Pizza, piazzas and political turmoil?

I’ve had Italy in my sights for a long time. Beautiful lakes, stunning food…and oh, some potential political turmoil. So before I go off to enjoy the delights of Lake Garda, I’ll impart my latest thoughts on political developments in Italy.

Italian politics is highly fractured, and the country has a history of unstable governments that rarely last more than a year or two. Moreover, with a string of political parties that are anti-euro in nature, a stagnant economy and weak banking sector, all the makings of a crisis are there. So Italy has been on our radar for a while.

 

Some of the risks will now be tested, as this autumn the government is scheduled to hold a referendum on constitutional issues. That Italy’s parliamentary system is slow and gummed up is well known, and something Prime Minister Matteo Renzi has promised to reform. 

Raising the stakes even more, Renzi has said he would quit if the reform is rejected.

Key amongst the proposed changes is limiting the role of the upper house and reducing the number of senators from 315 to around 100. And yet what was deemed a popular measure, now looks to be at risk of not getting the backing from voters.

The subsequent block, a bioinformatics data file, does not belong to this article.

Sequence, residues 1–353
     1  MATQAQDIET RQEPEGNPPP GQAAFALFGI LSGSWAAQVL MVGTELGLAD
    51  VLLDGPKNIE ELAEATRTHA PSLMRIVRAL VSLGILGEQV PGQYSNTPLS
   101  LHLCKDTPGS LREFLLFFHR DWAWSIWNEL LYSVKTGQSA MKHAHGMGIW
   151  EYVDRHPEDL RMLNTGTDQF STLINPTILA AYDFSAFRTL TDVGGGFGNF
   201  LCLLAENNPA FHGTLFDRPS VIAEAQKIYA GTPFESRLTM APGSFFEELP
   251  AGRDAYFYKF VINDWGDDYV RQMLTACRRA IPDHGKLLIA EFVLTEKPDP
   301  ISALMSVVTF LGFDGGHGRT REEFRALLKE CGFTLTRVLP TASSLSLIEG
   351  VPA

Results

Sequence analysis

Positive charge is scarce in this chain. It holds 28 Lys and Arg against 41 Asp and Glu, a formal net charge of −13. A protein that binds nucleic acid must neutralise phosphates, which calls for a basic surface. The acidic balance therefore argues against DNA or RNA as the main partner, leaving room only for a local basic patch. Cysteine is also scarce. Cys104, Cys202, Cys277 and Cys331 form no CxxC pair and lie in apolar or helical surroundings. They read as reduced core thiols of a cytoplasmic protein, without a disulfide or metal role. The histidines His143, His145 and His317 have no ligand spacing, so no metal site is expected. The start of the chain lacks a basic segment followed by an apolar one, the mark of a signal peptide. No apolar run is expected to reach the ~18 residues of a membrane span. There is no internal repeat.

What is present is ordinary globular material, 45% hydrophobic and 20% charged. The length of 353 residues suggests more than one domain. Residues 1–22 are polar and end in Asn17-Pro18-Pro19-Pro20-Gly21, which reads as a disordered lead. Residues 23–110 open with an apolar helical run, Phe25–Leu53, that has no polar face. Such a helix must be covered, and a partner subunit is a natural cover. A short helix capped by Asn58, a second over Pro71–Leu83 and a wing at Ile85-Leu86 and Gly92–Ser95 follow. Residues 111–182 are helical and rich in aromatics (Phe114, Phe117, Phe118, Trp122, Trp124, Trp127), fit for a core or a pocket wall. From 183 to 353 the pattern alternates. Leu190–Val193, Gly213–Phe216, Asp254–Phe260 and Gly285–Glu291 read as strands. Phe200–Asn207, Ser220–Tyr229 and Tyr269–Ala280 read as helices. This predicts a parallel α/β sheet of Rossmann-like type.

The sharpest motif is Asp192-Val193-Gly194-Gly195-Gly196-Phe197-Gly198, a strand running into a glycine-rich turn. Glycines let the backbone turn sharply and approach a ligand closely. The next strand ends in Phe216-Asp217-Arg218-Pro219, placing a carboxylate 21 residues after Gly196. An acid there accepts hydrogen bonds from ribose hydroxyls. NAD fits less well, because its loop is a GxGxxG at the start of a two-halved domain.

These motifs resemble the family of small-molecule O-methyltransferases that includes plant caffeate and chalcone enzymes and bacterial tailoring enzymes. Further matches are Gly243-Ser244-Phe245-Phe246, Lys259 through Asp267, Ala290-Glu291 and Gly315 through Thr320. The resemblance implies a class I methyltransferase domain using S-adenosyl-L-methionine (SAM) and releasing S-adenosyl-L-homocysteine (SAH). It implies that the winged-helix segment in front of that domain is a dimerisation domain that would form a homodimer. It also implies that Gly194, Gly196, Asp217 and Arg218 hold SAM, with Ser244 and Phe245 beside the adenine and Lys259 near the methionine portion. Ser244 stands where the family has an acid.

Raising the stakes even more, Renzi has said he would quit if the reform is rejected. More recently, it seems that he regrets having made the referendum about his premiership, but it is probably too late now to untangle the referendum from an effective confidence vote on him or the government in general.

 

He promises to spend the money saved from reduced public administration costs on fighting poverty, but despite this the polls show the referendum outcome to be on a knife edge.

Concerns about the ability of a major euro area country to pass reforms and generate growth could make investors run for hills.

If the referendum is passed, the government’s reform agenda can carry on. But if voters reject it, and Renzi does indeed resign, then political uncertainty is likely to heighten. Snap elections seem unlikely as this would most probably create a hung Parliament given that the two chambers would be elected under two different voting systems yet retain equal powers. This would therefore not guarantee post-election political stability, and would be a messy outcome, with the government probably being forced to carry on in its current form until elections in 2018.

 

If there’s one thing investors don’t like, it is uncertainty, and Europe has already had more than its fair share with Grexit fears (at least twice) and the UK’s EU referendum. Italy could give another jolt to the increasingly fragile political project that is the EU. Concerns about the ability of a major euro area country to pass reforms and generate growth is likely to be negative from a risk assets perspective, and could make investors run for hills. Or in my case, the Dolomites.

 
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